Forgive Me, I Meant to Do It: False Apology Poems is a quirky collection of poems based on the model of William Carlos Williams’ false apology poem “This is Just to Say.” Certainly if you took any sort of English class ever, you studied this poem. You know, the ones in which he ate the plums that his wife was probably saving for breakfast? He asked in the last stanza, “Forgive me, they were delicious, so sweet and so cold.”
An entire book celebrating the false apology? Yep, that’s what Gail Carson Levine has given us. In fact, each poem is titled that, which makes for a pretty hilarious table of contents. It sets the book off on the right tongue-in-cheek foot.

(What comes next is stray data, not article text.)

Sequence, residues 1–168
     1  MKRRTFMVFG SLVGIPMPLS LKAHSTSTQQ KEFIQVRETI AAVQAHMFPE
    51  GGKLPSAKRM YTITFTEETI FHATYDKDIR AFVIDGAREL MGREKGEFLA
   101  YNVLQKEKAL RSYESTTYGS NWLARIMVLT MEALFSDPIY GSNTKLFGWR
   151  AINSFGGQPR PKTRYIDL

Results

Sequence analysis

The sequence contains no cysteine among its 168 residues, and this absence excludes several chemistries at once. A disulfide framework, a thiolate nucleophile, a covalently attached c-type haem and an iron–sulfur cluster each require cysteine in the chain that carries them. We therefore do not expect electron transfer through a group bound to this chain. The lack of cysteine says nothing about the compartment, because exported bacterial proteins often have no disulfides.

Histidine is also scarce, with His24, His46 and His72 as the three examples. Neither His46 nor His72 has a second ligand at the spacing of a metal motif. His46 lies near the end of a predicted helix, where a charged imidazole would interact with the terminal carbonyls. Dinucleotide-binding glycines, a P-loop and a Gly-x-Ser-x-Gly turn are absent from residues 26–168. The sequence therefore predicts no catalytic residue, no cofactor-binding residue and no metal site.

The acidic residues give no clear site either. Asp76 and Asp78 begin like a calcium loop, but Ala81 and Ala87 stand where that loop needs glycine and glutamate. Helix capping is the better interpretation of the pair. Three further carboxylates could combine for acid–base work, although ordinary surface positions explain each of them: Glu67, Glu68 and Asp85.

Making these poems even more accessible is the use of familiar characters. Levine is noted for her novels such as Ella Enchanted which dig deeper into traditional fairy tale characters, and in this book of poems we see Sleeping Beauty, Jill (sans Jack), and perhaps my favorite and most darkly humorous — Hansel and Gretel, among others. Contemporary realistic characters such as siblings, parents, and even the author herself, are also featured in other poems.
In one section of the book, the author urges the reader to try to create his or her own false apology poem.
This book is slim, only 80 pages, featuring a poem per page (or in some cases, a two-page spread), each of which is accompanied by a line drawing by Matthew Cordell. But instead of the repeated theme getting old, it just keeps affirming over and over again how delightful it is.
This set of poems can truly be enjoyed by all ages — from first grade up through middle school.
Jennifer Donovan often errs accidentally on purpose. She blogs at Snapshot.